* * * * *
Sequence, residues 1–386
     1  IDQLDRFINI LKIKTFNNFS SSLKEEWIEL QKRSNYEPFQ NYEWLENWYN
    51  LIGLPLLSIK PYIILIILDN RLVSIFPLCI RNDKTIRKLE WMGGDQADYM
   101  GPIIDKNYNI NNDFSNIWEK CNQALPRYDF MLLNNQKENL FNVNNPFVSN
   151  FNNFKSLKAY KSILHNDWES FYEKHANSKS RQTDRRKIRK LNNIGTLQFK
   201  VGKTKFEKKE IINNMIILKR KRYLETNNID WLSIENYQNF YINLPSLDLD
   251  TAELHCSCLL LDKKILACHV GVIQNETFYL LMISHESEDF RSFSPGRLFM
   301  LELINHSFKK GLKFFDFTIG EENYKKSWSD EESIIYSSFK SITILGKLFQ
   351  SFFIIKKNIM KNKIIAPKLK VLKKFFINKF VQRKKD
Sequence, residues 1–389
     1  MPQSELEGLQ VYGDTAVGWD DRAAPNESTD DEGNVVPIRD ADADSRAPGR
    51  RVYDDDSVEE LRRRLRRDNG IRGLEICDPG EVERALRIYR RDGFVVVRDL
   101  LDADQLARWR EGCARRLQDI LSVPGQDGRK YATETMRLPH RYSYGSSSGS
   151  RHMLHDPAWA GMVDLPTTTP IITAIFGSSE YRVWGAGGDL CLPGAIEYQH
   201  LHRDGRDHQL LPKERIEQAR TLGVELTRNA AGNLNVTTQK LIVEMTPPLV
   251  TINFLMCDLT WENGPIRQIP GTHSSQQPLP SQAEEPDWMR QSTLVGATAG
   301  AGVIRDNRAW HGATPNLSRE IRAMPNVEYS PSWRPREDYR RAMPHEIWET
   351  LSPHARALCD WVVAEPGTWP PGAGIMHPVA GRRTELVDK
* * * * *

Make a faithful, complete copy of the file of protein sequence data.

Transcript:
Sequence, residues 1–386
     1  IDQLDRFINI LKIKTFNNFS SSLKEEWIEL QKRSNYEPFQ NYEWLENWYN
    51  LIGLPLLSIK PYIILIILDN RLVSIFPLCI RNDKTIRKLE WMGGDQADYM
   101  GPIIDKNYNI NNDFSNIWEK CNQALPRYDF MLLNNQKENL FNVNNPFVSN
   151  FNNFKSLKAY KSILHNDWES FYEKHANSKS RQTDRRKIRK LNNIGTLQFK
   201  VGKTKFEKKE IINNMIILKR KRYLETNNID WLSIENYQNF YINLPSLDLD
   251  TAELHCSCLL LDKKILACHV GVIQNETFYL LMISHESEDF RSFSPGRLFM
   301  LELINHSFKK GLKFFDFTIG EENYKKSWSD EESIIYSSFK SITILGKLFQ
   351  SFFIIKKNIM KNKIIAPKLK VLKKFFINKF VQRKKD
Sequence, residues 1–389
     1  MPQSELEGLQ VYGDTAVGWD DRAAPNESTD DEGNVVPIRD ADADSRAPGR
    51  RVYDDDSVEE LRRRLRRDNG IRGLEICDPG EVERALRIYR RDGFVVVRDL
   101  LDADQLARWR EGCARRLQDI LSVPGQDGRK YATETMRLPH RYSYGSSSGS
   151  RHMLHDPAWA GMVDLPTTTP IITAIFGSSE YRVWGAGGDL CLPGAIEYQH
   201  LHRDGRDHQL LPKERIEQAR TLGVELTRNA AGNLNVTTQK LIVEMTPPLV
   251  TINFLMCDLT WENGPIRQIP GTHSSQQPLP SQAEEPDWMR QSTLVGATAG
   301  AGVIRDNRAW HGATPNLSRE IRAMPNVEYS PSWRPREDYR RAMPHEIWET
   351  LSPHARALCD WVVAEPGTWP PGAGIMHPVA GRRTELVDK